Let’s not forget that she has access to the best Drs and assistive technology.   Sadly, her parents are so in denial about the reality of her situation to actually give her what she needs.  She was so excited about her pink wheelchair and the independence it gave her.   It was amazing to see her racing with her sisters.  This was short lived. Most of the time she doesn’t even have access to it because they have broken it over and over again.   Let that sink in for a second — they destroyed 3 power chairs worth over 20 grand.  I have a huge list of amazing things that would make me nearly able bodied if I had enough money.

I understand why it is hard to face the truth with Ali because her prognosis seems so bleek but it doesn’t have to be that way. Instead of trying to force her to be just like her sister, they could embrace her as she is. Instead of saying that they don’t want her to be lazy like a lot of wheelchair users, they could try to give her all of the assistive technology available to make her as productive as possible. Instead of saying that helmets are embarrassing, they could bedazzle the crap out of it until it was the coolest thing ever. Instead of saying that they don’t want her to be dependent on the wheelchair, they could do some research and learn that it will actually improve her mobility and overall health. They act as if she is going to become an addict and start snort wheelchairs.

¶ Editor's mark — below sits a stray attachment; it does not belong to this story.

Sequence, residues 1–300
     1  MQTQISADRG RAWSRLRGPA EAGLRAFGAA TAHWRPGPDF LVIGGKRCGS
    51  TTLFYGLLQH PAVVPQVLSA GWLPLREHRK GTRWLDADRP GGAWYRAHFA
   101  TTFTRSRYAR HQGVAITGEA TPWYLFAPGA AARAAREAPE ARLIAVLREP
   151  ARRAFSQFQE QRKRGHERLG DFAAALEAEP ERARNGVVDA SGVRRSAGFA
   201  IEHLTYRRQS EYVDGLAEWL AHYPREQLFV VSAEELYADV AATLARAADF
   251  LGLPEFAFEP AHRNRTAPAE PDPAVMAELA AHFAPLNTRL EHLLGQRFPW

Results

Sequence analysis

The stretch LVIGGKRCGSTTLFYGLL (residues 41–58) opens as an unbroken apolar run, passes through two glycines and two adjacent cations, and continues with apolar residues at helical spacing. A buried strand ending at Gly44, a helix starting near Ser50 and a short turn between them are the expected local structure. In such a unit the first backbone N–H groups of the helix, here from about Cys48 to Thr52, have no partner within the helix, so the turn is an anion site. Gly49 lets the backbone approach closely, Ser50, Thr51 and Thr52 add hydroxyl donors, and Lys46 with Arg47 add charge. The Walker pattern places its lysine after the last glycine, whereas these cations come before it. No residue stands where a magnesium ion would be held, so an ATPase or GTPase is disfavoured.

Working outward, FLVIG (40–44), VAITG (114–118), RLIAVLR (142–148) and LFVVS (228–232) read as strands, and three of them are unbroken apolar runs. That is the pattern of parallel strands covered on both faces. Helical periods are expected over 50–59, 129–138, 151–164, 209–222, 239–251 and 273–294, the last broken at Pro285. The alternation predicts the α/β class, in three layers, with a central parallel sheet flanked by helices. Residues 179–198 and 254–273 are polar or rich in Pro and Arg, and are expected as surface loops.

Part of the reason that they see her problems as failures and her medical equipment as embarrassing is society’s view of disability. We are constantly bombarded with inspiration porn that shows sad cripples that find their inner strength and overcome their illness. Maybe that does happen, but it certainly not the norm. I still hear on a regular basis “I would rather die than be crippled ” and “I would never be able to keep a kid with so many problems”. But the joke’s on them because I love my life. I have an amazing husband and a wonderfully weird, creative child. I didn’t deserve the hard parts of my life, but I didn’t deserve the good parts either. Leah and company have the ability to not only change how their family sees her disability, but also to put forth a better story on tv. My wheelchair has glow in the dark wheels, light up fairy wings and a sidecar on occasion. My son’s classroom thinks wheelchairs are awesome now because we changed their minds. This was long winded, but I believe that if more people spoke up about how much damage , both physically and emotionally, is being done to Ali then maybe someone will intervene.